CbCR: Definition, Process, and Notification Obligations

CbCR : Definition, Process, and Notification Obligations , Imagine a huge tree growing in the middle of a forest. Each of its branches is towering, its leaves are dense and spread in all directions. This tree is a representation of a multinational business group that has many member entities spread across various countries.

Each branch, like each member entity, has a different role and contribution in providing nutrients and energy to the tree. To know how well the tree is growing and thriving, a report is needed that can describe the overall performance of the tree. In the business world, this report is known as a Country by Country Report (CbCR).

Just like a large tree that requires comprehensive attention and monitoring, multinational business groups also require close scrutiny to ensure tax transparency and compliance. Therefore, in addition to submitting CbCR, taxpayers incorporated in multinational business groups must also submit notifications to the Directorate General of Taxes (DGT). In this article, Pajakku will discuss the CbCR notification obligation and its submission steps.

Definition of CbCR

CbCR is a transfer pricing document that includes information on the allocation of income, profits, taxes, and business activities of each member entity of a multinational business group in various countries. The report is designed to increase transparency and prevent tax avoidance practices between countries. The CbCR is prepared according to international standards and exchanged between the tax authorities of the countries involved according to signed agreements.

Indonesia, as one of the countries committed to implementing this standard, has signed the Multilateral Competent Authority Agreement (MCAA) on the Exchange of Country-by-Country Reports on 26 January 2017. Therefore, taxpayers who are the parent entity of a multinational business group must submit CbCR to DGT which will then be exchanged automatically (Automatic Exchange of Information/AEoI) with other countries’ tax authorities that have Qualifying Competent Authority Agreement (QCAA) with Indonesia. Conversely, Indonesia will also receive CbCR from other countries related to Indonesian taxpayers whose parent entities are located overseas.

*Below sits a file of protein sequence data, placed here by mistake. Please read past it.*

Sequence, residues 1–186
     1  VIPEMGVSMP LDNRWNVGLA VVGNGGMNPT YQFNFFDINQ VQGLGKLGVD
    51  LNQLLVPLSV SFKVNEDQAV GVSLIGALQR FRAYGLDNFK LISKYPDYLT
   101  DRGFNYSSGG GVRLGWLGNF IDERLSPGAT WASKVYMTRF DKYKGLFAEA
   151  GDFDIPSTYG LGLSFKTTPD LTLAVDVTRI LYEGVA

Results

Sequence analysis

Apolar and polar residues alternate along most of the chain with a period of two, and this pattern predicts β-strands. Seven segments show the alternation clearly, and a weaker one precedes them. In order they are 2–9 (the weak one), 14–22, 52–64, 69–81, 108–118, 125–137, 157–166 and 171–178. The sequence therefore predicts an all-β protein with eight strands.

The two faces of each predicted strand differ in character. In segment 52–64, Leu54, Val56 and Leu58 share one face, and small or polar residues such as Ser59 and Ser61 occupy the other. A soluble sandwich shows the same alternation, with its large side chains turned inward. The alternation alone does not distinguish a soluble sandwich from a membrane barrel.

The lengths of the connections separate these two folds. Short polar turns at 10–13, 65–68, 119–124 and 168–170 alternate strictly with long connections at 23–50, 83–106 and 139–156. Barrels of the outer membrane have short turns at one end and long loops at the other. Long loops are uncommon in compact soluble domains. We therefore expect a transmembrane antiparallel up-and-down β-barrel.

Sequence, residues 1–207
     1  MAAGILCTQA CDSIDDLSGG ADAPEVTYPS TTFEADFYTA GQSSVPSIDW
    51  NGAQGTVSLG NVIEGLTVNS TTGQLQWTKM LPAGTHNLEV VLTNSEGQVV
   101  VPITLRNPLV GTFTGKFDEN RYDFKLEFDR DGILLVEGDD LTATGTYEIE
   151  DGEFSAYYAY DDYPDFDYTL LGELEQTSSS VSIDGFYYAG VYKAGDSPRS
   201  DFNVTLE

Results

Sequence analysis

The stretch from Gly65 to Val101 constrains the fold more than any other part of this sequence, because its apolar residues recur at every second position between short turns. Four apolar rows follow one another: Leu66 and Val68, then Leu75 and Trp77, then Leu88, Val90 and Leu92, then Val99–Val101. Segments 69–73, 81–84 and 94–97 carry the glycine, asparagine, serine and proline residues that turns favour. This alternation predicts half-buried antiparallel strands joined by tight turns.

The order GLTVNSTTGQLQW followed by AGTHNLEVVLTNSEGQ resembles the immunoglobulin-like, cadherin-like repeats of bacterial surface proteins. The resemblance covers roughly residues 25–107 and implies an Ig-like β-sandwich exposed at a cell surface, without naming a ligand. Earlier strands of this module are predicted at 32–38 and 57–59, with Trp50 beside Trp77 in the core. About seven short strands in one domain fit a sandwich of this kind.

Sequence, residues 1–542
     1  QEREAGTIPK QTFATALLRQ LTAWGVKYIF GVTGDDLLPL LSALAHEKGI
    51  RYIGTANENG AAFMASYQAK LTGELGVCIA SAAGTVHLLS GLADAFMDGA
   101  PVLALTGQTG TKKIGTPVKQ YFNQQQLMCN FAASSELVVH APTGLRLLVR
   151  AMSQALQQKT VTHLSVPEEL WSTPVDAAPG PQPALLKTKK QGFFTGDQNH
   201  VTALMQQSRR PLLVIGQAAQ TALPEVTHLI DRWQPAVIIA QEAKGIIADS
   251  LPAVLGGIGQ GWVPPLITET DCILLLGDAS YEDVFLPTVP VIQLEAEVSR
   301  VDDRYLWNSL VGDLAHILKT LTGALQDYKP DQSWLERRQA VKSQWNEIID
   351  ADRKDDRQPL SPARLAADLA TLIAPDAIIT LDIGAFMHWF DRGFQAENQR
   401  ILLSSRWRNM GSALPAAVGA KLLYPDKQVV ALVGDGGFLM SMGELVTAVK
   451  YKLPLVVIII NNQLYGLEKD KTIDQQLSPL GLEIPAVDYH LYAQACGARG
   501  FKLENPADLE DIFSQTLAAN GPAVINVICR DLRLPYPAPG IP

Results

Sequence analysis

Indonesia implements CbCR as an effort to address tax base erosion and profit shifting (BEPS) that is detrimental to the country. In addition, CbCR also aims to encourage taxpayer transparency in transactions with related parties.

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CbCR Reporting Notification Obligation

Corporate taxpayers who have related party transactions or are members of a business group, must submit a notification. In fact, corporate taxpayers who do not have related party transactions but are members of a business group are still required to submit a notification.

Indonesia has issued Minister of Finance Regulation Number 213 Year 2016 that regulates this obligation. Based on the regulation, taxpayers who fulfil certain criteria must prepare and/or submit three types of transfer pricing documents, namely master file, local file, and CbCR.

Steps to Submit CbCR Notification

To submit a CbCR notification online, here are the steps:

Log in to the DGT Online website with your existing account
Activate the “e-CbC Reporting” feature in the account settings menu
After the feature is active, select the “e-CbC Reporting” service on the main menu
Select the appropriate tax year. For example, for submission in December 2023, select tax year 2022
Answer the questions that appear according to the company’s condition. If you are required to submit CbCR, upload the CbCR file and working paper on the menu provided. CbCR file and working paper must be in XML format according to DGT standard.
After answering the questions, you will see a summary of the taxpayer’s status. Enter the verification code and click “Submit”
If the submission is successful, you will get a Report Submission Receipt per Country

In conclusion, the submission of CbCR notification is an important part of increasing transparency and preventing tax avoidance between countries. Through the implementation of CbCR, Indonesia seeks to address tax base erosion and profit shifting that can harm the country, as well as encourage transparency and taxpayer compliance.

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